She launched in July 2010 and boasts a beam of 42 feet, which, in case you’re counting, is just a smidge wider than the beam aboard the jaw-dropping, 288-foot Perini Navi Maltese Falcon. Che displaces 115 tons and has a mainsail that’s nearly 4,200 square feet, giving her a maximum speed of 25 knots. It is truly awesome to watch Capt. Daniel Rabasse propel her through wind and waves. We reached only about 12 knots as we cruised from St. Maarten to St. Barths during the notorious Christmas Winds, but even that speed made it feel like Che was absolutely flying.
Yet, she also felt as though she was barely moving, with a heeling angle so subtle that it’s almost indiscernible, compared with a monohull’s. Che’s balance is evident when she’s under power too, a fact I discovered while in the aft starboard cabin my first afternoon aboard. I was literally at the waterline, taking a shower, and didn’t even feel or hear Che moving. The only reason I knew that Rabasse had turned on the engines, raised the anchor and throttled forward is that we were in an entirely different harbor when I returned to the afterdeck about 20 minutes later.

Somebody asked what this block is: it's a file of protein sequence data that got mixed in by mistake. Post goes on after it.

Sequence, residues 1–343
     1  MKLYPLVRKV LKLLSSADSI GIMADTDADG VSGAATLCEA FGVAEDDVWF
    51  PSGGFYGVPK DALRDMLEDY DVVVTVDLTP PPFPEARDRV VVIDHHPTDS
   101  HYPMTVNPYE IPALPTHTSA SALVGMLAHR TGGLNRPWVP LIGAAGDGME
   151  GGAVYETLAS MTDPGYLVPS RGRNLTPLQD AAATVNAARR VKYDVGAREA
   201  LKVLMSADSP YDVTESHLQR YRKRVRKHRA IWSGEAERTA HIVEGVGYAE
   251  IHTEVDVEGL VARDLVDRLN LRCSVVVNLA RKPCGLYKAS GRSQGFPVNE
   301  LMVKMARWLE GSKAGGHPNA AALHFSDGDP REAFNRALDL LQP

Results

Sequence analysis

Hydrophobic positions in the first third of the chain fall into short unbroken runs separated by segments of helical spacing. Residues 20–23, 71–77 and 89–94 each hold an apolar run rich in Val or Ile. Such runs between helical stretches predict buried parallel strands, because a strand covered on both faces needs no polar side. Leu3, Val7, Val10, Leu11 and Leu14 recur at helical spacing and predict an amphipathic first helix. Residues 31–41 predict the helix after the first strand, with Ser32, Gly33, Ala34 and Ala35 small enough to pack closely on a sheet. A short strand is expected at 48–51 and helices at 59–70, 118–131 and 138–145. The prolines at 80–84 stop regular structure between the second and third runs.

It’s on that afterdeck that I got to know Zorgman, a South African native whose cooking style and world view have evolved along with those of Che’s owners. While Zorgman says she will cook whatever guests desire, her specialty is the owners’ preferred regimen: macrobiotic.
“Macrobiotic means to look at the larger picture of life, to see how we came to be,” she says. “It starts with the food we eat. Things like hypoglycemia, these are modern illnesses that come because we are eating to extreme. Macrobiotic food goes very well with the yin-yang of this boat. After two to four weeks of this diet, it feels like a cloud lifting off your head. You have clarity. Everything is functioning better.”